db950c09803583b394d9b49c9e42345b4c390719 — Zeke Medley 4 months ago 7931fdb
Add escaping the IDE writeup
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	<li><a href="/1-thursday.html">Arduino communication guide</a></li>
	<li><a href="/serial-visualization.html">Plotting data with your Arduino</a></li>
	<li><a href="/lab-2.html">Lab 2 Code Walkthrough</a></li>
	<li><a href="/non-arduino-ide.html">Escaping the Arduino IDE</a></li>

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<h1 id="escaping-the-arduino-ide">Escaping the Arduino IDE</h1>
<p>In <a href="/1-thursday.html">last week’s</a> Thursday lab we discussed making our Arduino programs interactive. The approach outlined there was limited though as we could only perform that interaction from inside of the Arduino IDE. In practice and in your projects we want to escape the IDE and thus increase the amount of digital real estate that our tangible interfaces have access to.</p>
<p>In today’s Thursday bonus lab we will perform this escape act and start communicating with our Arduinos from Python programs. Having done that we will then explore how we can expand the types of user input that we can use to control our Arduino.</p>
<h2 id="act-1---the-escape">Act 1 - The escape</h2>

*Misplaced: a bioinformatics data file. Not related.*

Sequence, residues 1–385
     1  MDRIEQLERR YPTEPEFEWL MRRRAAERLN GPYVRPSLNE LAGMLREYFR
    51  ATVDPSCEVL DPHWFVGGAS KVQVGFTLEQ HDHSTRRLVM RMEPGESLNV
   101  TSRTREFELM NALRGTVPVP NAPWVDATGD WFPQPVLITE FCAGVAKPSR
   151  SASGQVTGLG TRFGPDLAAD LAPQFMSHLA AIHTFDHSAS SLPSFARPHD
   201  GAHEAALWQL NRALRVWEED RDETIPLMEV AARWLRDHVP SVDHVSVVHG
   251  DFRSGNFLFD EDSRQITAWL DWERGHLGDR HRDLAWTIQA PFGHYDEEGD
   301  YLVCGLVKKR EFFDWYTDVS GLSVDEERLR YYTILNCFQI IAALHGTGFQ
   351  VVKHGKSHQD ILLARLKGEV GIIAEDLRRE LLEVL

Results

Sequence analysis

<p>As we saw last week, we can send messages to our Arduino via the IDE’s serial monitor. For example, with the code below loaded onto our Arduino we can send messages to the device which it will send back by opening <code>Tools -&gt; Serial Monitor</code> in the context menu and typing into the top bar.</p>
<div class="sourceCode" id="cb1"><pre class="sourceCode cpp"><code class="sourceCode cpp"><span id="cb1-1"><a href="#cb1-1"></a><span class="dt">void</span> setup() {</span>
<span id="cb1-2"><a href="#cb1-2"></a>  Serial.begin(<span class="dv">9600</span>);</span>
<span id="cb1-3"><a href="#cb1-3"></a>}</span>
<span id="cb1-4"><a href="#cb1-4"></a></span>
<span id="cb1-5"><a href="#cb1-5"></a><span class="dt">void</span> loop() {</span>
<span id="cb1-6"><a href="#cb1-6"></a>  <span class="cf">if</span> (Serial.available()) {</span>
<span id="cb1-7"><a href="#cb1-7"></a>    String message = Serial.readStringUntil(<span class="ch">&#39;</span><span class="sc">\n</span><span class="ch">&#39;</span>);</span>